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RI0021. Geology of Hood Spring Quadrangle, Brewster County, Texas, by R. W. Graves, Jr. 51 p., 4 figs., 1 map, 7 plates, 1954. Print.
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The Hood Spring quadrangle, in the central part of Brewster County, Texas, contains a segment of the southeast rim of the Marathon basin. It includes a part of the complexly folded and faulted Paleozoic rocks that occur in the center of the Marathon basin and also includes Cretaceous rocks exposed in the Maravillas scarp. This scarp has three stratigraphically separate cuestas that are formed by southeastward gently dipping beds. The southwestern corner of the quadrangle contains a faulted and folded segment of the Santiago Mountain range.
Rocks of Cambrian (Dagger Flat formation), Ordovician (Marathon, Alsate, Fort Peña, Woods Hollow, and Maravillas formations), Devonian (Caballos novaculite), and Pennsylvanian (Tesnus formation)ages occur in the area of Paleozoic outcrops. A conodont fauna from the upper part of the Caballos novaculite indicates a Middle to Upper Devonian age for those beds. Most of the Cretaceous rocks exposed in the quadrangle belong to the Comanche series (Glen Rose, Maxon, Walnut—ComanchePeak, Edwards, Kiamichi, Georgetown, Grayson, and Buda formations) and are similar to equivalent age strata in central Texas. Gulf series rocks (Boquillas and Terlingua formations) have a restricted occurrence in the southwestern corner of the quadrangle contains a faulted and folded segment of the Santiago Mountain range.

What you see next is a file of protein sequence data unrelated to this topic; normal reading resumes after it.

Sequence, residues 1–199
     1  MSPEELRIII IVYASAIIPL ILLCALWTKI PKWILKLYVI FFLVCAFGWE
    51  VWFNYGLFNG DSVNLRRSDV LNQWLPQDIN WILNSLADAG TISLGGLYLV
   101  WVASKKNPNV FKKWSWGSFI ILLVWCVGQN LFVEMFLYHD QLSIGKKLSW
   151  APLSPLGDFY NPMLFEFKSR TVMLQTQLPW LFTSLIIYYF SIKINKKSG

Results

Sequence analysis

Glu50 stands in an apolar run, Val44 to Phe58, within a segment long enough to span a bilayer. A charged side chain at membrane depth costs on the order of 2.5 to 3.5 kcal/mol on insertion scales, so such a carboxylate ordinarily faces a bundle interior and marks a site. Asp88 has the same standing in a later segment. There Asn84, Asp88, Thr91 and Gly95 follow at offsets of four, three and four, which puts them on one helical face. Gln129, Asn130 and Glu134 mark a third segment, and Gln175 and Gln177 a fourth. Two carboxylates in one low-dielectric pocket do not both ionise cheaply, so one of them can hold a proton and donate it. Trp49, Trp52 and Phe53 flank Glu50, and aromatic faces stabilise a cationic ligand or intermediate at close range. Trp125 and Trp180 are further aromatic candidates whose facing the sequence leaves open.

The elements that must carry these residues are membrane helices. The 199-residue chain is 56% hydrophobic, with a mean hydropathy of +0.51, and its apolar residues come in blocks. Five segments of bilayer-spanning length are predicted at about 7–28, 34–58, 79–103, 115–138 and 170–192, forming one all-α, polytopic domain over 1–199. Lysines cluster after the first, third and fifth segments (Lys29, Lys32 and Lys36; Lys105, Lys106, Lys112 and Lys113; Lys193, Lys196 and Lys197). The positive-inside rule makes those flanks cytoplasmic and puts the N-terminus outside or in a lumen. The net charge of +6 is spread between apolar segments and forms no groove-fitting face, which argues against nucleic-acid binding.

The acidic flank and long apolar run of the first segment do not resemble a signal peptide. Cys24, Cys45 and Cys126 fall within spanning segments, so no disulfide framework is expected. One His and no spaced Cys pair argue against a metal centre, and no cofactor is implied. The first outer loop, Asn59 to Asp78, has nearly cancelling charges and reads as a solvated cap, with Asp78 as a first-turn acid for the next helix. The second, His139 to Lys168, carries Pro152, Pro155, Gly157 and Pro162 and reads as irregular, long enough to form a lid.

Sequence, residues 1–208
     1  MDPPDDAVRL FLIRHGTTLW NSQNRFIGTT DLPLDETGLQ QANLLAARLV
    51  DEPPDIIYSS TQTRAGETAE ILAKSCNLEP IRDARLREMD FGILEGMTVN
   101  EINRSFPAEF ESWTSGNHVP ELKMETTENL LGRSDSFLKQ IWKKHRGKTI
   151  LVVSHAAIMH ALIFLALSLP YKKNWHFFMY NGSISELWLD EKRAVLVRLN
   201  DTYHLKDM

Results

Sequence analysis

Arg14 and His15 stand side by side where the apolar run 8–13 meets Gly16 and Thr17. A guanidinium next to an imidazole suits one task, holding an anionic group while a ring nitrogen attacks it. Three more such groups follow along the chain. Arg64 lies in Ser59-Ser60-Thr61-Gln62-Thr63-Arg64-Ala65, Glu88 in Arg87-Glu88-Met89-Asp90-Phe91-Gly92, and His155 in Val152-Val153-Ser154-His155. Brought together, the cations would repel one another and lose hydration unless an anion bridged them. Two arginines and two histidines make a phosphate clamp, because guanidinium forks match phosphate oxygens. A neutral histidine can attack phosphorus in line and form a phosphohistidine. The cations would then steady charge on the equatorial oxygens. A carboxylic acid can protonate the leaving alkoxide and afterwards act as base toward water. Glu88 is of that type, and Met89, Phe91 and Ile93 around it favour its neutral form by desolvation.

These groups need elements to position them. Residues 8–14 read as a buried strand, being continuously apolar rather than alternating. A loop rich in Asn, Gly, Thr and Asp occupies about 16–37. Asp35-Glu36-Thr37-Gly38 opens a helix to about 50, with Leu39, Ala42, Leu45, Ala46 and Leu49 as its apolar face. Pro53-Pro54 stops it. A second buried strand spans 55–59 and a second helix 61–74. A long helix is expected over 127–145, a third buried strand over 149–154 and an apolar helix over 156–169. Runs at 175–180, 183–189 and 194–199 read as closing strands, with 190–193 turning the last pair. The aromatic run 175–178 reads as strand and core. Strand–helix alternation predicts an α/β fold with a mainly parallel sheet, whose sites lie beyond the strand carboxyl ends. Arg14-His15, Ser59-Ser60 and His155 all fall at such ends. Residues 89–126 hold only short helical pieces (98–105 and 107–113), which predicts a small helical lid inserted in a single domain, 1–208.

Tertiary intrusions include plugs, dikes, and sills of rhyolite, trachyte, and basalt which cut Cretaceous and Paleozoic rocks. These intrusives belong to the southern Trans-Pecos Texas suite of alkalic igneous rocks.
Keywords: Hood Spring Quadrangle, Brewster County, Texas, Marathon Basin, Maravillas scarp
Purpose and scope of the work
Climate and vegetation
Distribution of rocks
Dagger Flat sandstone
Fort Pena formation
Woods Hollow shale
Glen Rose formation
Walnut and Comanche Peak formations
Grayson (Del Rio) marl
Gravel mantle on pediments and rock floors
Rhyolites and trachytes
1. Index map showing Hood Spring quadrangle and adjacent quadrangles covered by published geologic reports
2. Cross section of Paleozoic rocks in the northwest corner of Hood Spring quadrangle in a ridge 1.5 miles east-northeast of Buttrill ranch
3. Sketch map and cross section of Caballos novaculite on north side of State highway No. 227, one-fourth mile southeast of Three-Mile Hill (Santiago Peak quadrangle), 17 miles south of Marathon, Texas
4. Representation of the fold and thrust fault which produced the ridge parallel to Maravillas Creek in the southwest part of Hood Spring quadrangle
I. Geologic map and structure sections of the Hood Spring quadrangle
II. Angular unconformity in Maravillas scarp
III. Caballos formation
IV. Cretaceous formations and Quaternary alluvium
V. Edwards limestone
VI. Igneous intrusives
VII. Geologic map and structure sections of the Maravillas Creek area
VIII. Geologic map and structure sections of the Tinaja Range area
Graves, R. W., 1954, Geology of Hood Spring Quadrangle, Brewster County, Texas: The University of Texas at Austin, Bureau of Economic Geology, Report of Investigations No. 21, 51 p.